Working with Different types of pipe...








Working with Different types of pipe Part 1:

*Cast Iron*: Mostly used before 1960 for the Vent stack, but also can be
found in both vertical and horizontal drains. It’s a strong pipe, but rusts
over time and is not the easiest to work with by far!

- *Plastic*: Plastic pipes are separated into two categories, ABS
(acrylonitrile-butadiene-styrene) or PVC (polyvinyl-chloride).

*A.)** PVC*: Is the most commonly used pipe for drain lines. It’s a white
colored pipe and will outlast any other type of pipe due to its resistance
to chemicals, any type of rust and its durability.

*B.) ** ABS*: Is a black colored plastic pipe and was the first plastic
pipe used in homes and residences. Today it’s not used very often due to
city and county codes, and PVC has replaced it almost entirely due to its
ease of use, and strong, durable, nature.

*C.)* (*Schedule 40 PVC* is a third type of plastic pipe, but due to its
nature in overheating, isn’t used all that much except occasionally in cold
water lines).

*If you’re going to do a job yourself, call a professional if you’re
dealing with cast Iron pipes, you should be able to easily work with the
plastic pipes however.*


PART TWO:

*Copper*:

One of my favorites; copper pipes are light, easy to cut, and tend to be
the more resistant to corrosion than other metal pipes, which make them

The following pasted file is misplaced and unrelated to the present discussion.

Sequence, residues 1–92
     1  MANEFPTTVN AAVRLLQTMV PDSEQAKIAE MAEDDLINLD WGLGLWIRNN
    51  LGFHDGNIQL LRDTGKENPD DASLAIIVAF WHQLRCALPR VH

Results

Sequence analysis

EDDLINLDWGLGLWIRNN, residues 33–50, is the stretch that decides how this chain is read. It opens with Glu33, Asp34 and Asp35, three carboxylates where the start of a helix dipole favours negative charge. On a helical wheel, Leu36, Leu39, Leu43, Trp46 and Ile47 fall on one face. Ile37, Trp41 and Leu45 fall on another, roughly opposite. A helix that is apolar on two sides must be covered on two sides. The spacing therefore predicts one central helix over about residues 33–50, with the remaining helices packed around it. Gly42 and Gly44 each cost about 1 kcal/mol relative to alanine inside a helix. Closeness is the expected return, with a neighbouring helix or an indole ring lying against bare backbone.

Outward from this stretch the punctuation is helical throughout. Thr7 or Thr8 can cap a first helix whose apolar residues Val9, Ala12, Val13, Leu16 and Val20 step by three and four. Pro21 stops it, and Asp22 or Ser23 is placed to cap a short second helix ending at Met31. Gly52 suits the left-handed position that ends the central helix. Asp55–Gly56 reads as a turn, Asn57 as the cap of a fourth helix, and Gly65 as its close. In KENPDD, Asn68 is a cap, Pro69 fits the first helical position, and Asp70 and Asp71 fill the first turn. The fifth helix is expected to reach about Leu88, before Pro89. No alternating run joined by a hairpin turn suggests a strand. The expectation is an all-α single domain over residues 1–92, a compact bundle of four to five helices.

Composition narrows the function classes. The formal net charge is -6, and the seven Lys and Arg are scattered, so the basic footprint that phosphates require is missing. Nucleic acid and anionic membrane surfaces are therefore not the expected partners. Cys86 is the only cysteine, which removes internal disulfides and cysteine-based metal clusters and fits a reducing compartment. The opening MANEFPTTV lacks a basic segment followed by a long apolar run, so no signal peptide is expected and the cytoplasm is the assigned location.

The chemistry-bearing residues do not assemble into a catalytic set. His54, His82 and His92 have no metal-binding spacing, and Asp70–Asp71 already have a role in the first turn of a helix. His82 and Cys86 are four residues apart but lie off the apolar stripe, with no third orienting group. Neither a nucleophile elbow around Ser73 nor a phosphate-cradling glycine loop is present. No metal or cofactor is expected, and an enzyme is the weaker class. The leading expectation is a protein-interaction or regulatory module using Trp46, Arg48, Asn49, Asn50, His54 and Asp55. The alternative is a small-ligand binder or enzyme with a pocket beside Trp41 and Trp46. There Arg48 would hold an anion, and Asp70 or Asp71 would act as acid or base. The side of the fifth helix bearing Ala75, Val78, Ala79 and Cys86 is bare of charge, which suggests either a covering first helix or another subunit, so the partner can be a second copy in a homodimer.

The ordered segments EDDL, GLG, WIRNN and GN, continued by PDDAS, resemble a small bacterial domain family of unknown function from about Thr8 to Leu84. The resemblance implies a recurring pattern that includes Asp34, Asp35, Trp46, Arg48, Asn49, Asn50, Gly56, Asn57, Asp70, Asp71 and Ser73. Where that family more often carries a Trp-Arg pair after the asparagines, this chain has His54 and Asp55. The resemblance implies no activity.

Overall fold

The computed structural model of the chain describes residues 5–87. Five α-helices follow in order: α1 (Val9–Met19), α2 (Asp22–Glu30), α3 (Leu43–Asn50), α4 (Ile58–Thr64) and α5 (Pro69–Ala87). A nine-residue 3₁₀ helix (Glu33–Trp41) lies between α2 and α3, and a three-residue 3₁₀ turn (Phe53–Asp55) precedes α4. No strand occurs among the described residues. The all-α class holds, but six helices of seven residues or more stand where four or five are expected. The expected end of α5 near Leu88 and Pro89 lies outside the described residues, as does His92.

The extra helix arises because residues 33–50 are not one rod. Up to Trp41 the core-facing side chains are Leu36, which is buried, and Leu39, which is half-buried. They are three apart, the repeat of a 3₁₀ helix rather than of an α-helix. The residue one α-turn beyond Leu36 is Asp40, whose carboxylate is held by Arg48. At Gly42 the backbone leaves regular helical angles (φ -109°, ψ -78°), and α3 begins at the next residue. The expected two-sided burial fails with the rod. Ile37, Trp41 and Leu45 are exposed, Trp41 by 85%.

perfect for running water lines. There are essentially two main types of
copper pipe.

a.) a.) *Flexible copper pipe*: They’re easy to bend and are perfect for
appliances that need a water supply, i.e., dishwashers, refrigerators,
washers, etc.. You can join this type of pipe by compression or solder, and
they last longer than your plastic pipes although they’re a little more
expensive.

*b.) *b.) *Rigid copper pipe**: *These types of copper pipe are joined
through sweating (solder) the fittings or compression. There are 3 types of
thicknesses: Types L, M, and K, each with their own unique “preferred”
uses. For instance, type M is the thinnest of the three and is used mostly
in residential areas and homes, while K and M-Types are more suited for
commercial and industrial uses due to their thicker, heavier nature.

*PEX*:

PEX is a “cross-linked polyethylene” and is the newest type of pipe to be
used in homes and residential areas. It’s becoming quite popular due to its
flexibility, and it’s very easy to cut to fit, unlike some that we’ve
discussed so far; it’s much more expensive than copper and PVC, however.
It’s joined using compression, and by a crimping tool for more long
lasting, permanent jobs.

*STEEL*:

(Galvanized steel pipe) is an older pipe not used much today due to its
corrosive nature, lasting only about 40-50 years before needing to be
replaced or repaired. If you plan on doing it yourself and know you’re
dealing with this type of pipe, it’s best to call in a professional as it’s
very hard to work with and many accidents can be prevented by doing so.